• Does anyone feel annoyed?

    Asked by Jalemans on Thursday, July 10, 2014

    Does anyone feel annoyed?

    Watch him while I have chemo...

    I wish people understood. I haven't worked for months, so something like a grocery gift card would be much more helpful than flowers. Someone giving me a break & taking Munchkin to the park for an hour would be heaven. Cancer is something I have, not who I am, & frankly I am not happy about it. I don't want cancer shirts or pins or a million books about cancer -- I don't want to think about it every second. Maybe if & when I feel like a survivor, I will sport a small token, but I don't want cancer to define me even if it kills me! Instead people, invite me out for coffee or lunch!

    I know I sound like the B of all time. But, really, does anyone share my feelings?

    19 Answers from the Community

    19 answers
    • cam32505's Avatar
      cam32505

      Nobody knows how it feels to be sick for such a long time, unless they've experienced it themselves. Many years ago, my sister was in a serious car accident. I took care of her child while she was in the hospital (9 weeks), got her set up when she came home, grocery shopped, did her laundry, cut her grass (and all my own chores at my house), and still took care of her child. Recently, she told me she just wanted to get out of the house. She was in a wheelchair, so that would have been an ordeal with everything else I was handling for her. But, sometimes we get a little selfish when we're sick. Just ask someone to take you out for lunch. I agree that you could use cash, gift cards for useful stores/gas stations, etc.

      over 5 years ago
    • ld_105's Avatar
      ld_105

      Yes, I think many of us can understand your feelings. I chose to tell a few people at work and now a year later I still get the question, "How are youuuu?" I know co-workers are trying to be supportive but some days I feel like I have a C tattooed on my forehead. Hang in there.

      over 5 years ago
    • GregP_WN's Avatar
      GregP_WN

      yep, common feelings. Most people just don't know exactly what to do or even how to do it when it comes to doing something for us. They don't know how we will react lots of times. We have a blog post on our blog page here is a link to the article>>https://www.whatnext.com/content/blog/posts/23-nice-things-you-can-do-for-someone-with-cancer You might just forward that article to anyone that asks what can I do for you, or just tell them. The problem is that a lot of people don't ask, they just do something that they think would be nice. I understand your frustrations, most of them are just trying to help though.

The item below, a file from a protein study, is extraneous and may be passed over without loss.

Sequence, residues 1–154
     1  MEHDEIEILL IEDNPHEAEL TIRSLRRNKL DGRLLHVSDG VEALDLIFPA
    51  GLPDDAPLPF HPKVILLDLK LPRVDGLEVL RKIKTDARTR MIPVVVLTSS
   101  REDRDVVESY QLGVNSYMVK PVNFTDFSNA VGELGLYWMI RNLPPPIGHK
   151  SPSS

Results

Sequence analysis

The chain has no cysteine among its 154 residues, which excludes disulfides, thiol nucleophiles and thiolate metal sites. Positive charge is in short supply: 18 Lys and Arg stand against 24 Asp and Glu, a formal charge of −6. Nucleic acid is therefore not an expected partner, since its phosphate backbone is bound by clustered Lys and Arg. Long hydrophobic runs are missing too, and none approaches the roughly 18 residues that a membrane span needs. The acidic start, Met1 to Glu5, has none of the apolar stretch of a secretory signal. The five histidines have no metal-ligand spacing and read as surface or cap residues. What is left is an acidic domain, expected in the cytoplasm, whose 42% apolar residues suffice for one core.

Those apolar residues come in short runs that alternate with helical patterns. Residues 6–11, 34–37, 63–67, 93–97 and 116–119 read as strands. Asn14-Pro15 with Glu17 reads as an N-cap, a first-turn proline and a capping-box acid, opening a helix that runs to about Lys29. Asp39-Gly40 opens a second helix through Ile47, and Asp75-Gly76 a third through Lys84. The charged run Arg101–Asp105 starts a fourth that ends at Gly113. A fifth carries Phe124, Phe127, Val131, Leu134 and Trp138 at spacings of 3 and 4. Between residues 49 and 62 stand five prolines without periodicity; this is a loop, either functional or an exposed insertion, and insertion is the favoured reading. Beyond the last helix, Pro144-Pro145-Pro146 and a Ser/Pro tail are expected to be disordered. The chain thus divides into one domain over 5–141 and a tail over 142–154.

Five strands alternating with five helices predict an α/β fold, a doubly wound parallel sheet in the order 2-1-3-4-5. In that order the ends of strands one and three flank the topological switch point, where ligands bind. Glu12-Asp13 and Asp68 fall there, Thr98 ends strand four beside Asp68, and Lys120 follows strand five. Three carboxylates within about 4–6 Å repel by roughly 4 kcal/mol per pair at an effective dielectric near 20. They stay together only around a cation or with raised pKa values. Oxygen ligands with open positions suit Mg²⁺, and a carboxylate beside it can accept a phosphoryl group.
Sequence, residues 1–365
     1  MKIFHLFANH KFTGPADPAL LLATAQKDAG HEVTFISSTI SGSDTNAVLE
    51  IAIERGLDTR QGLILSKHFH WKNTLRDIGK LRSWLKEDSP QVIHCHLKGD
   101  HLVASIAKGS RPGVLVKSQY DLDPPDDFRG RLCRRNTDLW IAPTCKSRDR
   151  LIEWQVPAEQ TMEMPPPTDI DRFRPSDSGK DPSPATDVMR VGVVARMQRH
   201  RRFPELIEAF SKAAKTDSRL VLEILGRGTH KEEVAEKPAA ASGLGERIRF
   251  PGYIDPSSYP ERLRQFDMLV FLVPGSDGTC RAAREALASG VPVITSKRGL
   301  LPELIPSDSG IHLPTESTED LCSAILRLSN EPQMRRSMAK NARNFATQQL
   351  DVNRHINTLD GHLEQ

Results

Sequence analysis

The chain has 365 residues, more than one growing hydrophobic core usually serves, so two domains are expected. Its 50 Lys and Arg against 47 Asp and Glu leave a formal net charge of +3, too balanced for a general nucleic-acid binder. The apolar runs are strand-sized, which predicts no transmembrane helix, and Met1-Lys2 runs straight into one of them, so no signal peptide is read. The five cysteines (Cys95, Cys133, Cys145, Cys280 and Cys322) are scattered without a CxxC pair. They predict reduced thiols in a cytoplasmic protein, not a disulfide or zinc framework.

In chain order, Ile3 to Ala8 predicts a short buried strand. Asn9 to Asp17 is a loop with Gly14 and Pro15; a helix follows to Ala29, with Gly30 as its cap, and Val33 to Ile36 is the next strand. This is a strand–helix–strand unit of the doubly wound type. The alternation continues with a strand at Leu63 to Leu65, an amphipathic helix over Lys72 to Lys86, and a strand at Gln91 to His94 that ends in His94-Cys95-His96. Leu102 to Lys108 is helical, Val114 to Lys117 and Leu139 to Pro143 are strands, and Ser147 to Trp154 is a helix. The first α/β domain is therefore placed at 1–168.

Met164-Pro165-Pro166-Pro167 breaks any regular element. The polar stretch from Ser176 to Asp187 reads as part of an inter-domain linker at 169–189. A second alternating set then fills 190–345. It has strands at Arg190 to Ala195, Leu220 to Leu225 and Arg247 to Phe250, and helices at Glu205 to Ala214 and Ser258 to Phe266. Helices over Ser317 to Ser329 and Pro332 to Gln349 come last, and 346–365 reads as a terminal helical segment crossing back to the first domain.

over 5 years ago
    • barryboomer's Avatar
      barryboomer

      That's why I don't tell ANYBODY.....none of their business.
      Once you are branded as a Cancer Patient you are a Marked Man or Women.
      That's why we need to ALL band together in a Cancer Patients UNION and a VOTING Block and use our Clout. Don't know HOW to start it but I LIKE the idea. WE have Huge Numbers and LOTS of Potential Power in Lots of areas.....Any Ideas......sounds very empowering to ME.

      over 5 years ago
    • amontoya's Avatar
      amontoya

      People only understand what you tell them. If you're not expressing your needs then they'll never know. When people ask "is there anything I can do for you?" that's your perfect opportunity to say, yes, you can pick up a few things for me at the store, you can take my kid to the park or whatever else you need. Don't be afraid to ask! I have no issues directing people and telling them what I need. We needed food, my father in law made us meat for the week and we managed the sides. When it came to rides, my mother in law came for a week and drove back and forth to chemo. Money is a little bit more difficult but if you need help you have to ask. My mother in law paid our rent one month, my boss paid our rent one month and I borrowed money from my mother. If the people you're talking about are real then they will step up and do whatever you ask. Don't be shy!

      over 5 years ago
    • lilymadeline's Avatar
      lilymadeline

      I do! But you have to tell people what you need, although honestly that can be difficult because people tend to give to others what they can or what they think you need- but not what is necessarily needed sometimes, ugh! So if somebody asks you " what can I do to help" then that is your opportunity to tell them!

      over 5 years ago
    • ITLBOK's Avatar
      ITLBOK

      People don't get it. They aren't supposed to! COMMUNICATE! It makes it easier! If they are there, they want to help. Everyone is different. Be true to yourself and help them help you.

      over 5 years ago
    • HOBO's Avatar
      HOBO

      Everyone is different and as my treatment progressed, my needs changed. You cannot expect folks to know without you sharing. Most want to do what you want. Funny you mention flowers. I had one week I received five deliveries. My bedroom dresser no longer had room bit I loved it. Sure it would have been better to spread it out over five weeks but nonetheless, the sentiment there. I felt love and it sure brightened some very dark days. Even a simple snail mail card brought cheer. I had several friends that sent cards every week. It kept me connected.

      I know it is hard but just speak up.

      Hugs,

      Jane

      over 5 years ago
    • Ejourneys' Avatar
      Ejourneys

      Yep. There is a big difference between people doing something for you (e.g., respecting your needs and wishes) and doing it for them (e.g., feel good they did something, whether or not it's what you want/need). The best one can do is make one's wishes clear.

      over 5 years ago
    • Marianne's Avatar
      Marianne